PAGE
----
That afternoon, we found out just how hard it was to carve into rock! After collecting suitable stones, some of us had a go at trying to grind them into axe-heads! It was a very time-consuming process involving wetting the rock and stone, and grinding away. The patience and effort that goes into carving and grinding becomes part of the story of what is being made, whether it is an image, a tool, or a clap stick. So much care goes into everything, nothing is taken for granted, everything has something to share and to tell. Kerstin Siegmund kindly gives her insights into the lengthy process of grinding axe-heads, a task she undertook with great diligence and commitment:
“After a short demonstration from Uncle Daniel, I perched myself on one of the rocks. “Get comfortable, this could take a while”, Uncle Daniel declared. The muddy water splattered over the rock as I set to work. One minute, five minutes, ten minutes of grinding and I could not see any difference…I realized axe grinding requires a lot of patience. Intently I kept grinding my rock against the sandstone, sprinkling water every few minutes and swapping hands to relieve the cramps building up.
Then suddenly my heart started pounding as I could see a shallow groove starting to form in the sandstone below my rock…The grinding took nearly two hours, but the patience paid off. When I saw the sharpened rock in my hands and the deepened groove in the sandstone I felt happy and proud that I had the endurance to pursue.
Uncle Lex told me that this axe grinding groove is now connected to the story of the place. For Aboriginal peoples, axe grinding grooves are an important link with ancestors and their past and this experience has allowed me to gain a deeper understanding of that connection. I would feel saddened if anyone said it is just a rock. The rock has a story. Just like every rock, every place, every water has a story that go beyond our comprehension. There is no better way to learn about Country and the connections with Country, than being on Country.”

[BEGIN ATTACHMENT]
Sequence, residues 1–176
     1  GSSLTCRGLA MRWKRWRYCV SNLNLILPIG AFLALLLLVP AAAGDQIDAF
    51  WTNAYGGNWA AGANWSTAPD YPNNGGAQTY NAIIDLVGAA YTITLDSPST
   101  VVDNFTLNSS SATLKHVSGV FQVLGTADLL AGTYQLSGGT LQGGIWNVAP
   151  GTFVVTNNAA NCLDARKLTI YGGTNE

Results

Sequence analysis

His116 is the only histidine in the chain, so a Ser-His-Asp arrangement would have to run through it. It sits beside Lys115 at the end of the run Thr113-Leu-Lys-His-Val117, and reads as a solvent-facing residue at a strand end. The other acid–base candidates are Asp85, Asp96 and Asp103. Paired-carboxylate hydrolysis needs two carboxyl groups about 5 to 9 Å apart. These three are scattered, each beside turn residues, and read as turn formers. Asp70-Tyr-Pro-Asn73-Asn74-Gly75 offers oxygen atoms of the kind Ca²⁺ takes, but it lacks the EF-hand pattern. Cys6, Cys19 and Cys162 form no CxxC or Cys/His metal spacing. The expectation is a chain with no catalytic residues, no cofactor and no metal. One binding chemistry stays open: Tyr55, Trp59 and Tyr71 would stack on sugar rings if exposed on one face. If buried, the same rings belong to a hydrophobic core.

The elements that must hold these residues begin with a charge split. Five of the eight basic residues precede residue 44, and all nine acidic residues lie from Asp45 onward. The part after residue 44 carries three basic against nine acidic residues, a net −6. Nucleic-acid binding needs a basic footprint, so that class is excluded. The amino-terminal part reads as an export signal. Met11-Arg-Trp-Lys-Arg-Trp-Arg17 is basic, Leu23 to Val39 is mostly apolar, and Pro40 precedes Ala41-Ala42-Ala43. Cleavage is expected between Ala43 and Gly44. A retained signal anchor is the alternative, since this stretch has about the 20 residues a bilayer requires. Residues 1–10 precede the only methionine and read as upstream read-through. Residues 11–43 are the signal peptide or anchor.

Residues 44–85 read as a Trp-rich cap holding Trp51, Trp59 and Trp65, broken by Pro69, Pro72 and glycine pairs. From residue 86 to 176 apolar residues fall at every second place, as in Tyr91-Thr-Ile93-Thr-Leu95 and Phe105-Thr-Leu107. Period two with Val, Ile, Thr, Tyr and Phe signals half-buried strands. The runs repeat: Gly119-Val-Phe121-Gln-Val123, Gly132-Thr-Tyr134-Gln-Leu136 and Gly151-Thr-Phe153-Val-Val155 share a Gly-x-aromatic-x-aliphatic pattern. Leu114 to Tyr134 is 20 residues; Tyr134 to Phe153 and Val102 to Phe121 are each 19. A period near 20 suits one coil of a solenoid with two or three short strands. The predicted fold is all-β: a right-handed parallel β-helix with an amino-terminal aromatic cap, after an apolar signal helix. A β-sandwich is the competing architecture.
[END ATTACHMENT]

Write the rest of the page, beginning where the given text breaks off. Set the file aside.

Photos by Kerstin Siegmund & Sandie Suchet-Pearson
Music and dance played an powerful role in the culture camp, too. The sound of newborn clap sticks filled the air, and was accompanied by Uncle Lex on the ukele, and Uncle Lester and Cohen on the yidiki (didgeridoo).
Photos by Sandie Suchet-Pearson & Kerstin Siegmund
But perhaps most intensely for myself, and for many of the women at culture camp, was the evening dance with Auntie Corina. No event during the camp received as much deep feedback as this powerful moment when Auntie Corina shared the story of the dove and waratah, and taught us the accompanying dance. Smearing ourselves in ochre and assembling on the cool earth of Country, we danced this story together in the ethereal glow of torch and firelight, moved by the music and deep emotion of Auntie Corina’s singing. Even Uncle Lex was moved, saying after the dance:
“You ladies have done something so special here tonight, this might be the first time our stories have been danced on Country like that for a very long time. I feel very proud to be a Darug man tonight.”
Indeed, the bonds between the women, and Country, at camp that night became palpable. It highlighted the sacredness and importance of establishing a permanent dance circle here, on Country, a long-term plan for Uncle Lex and Auntie Corina. It was a bond further solidified by weaving together.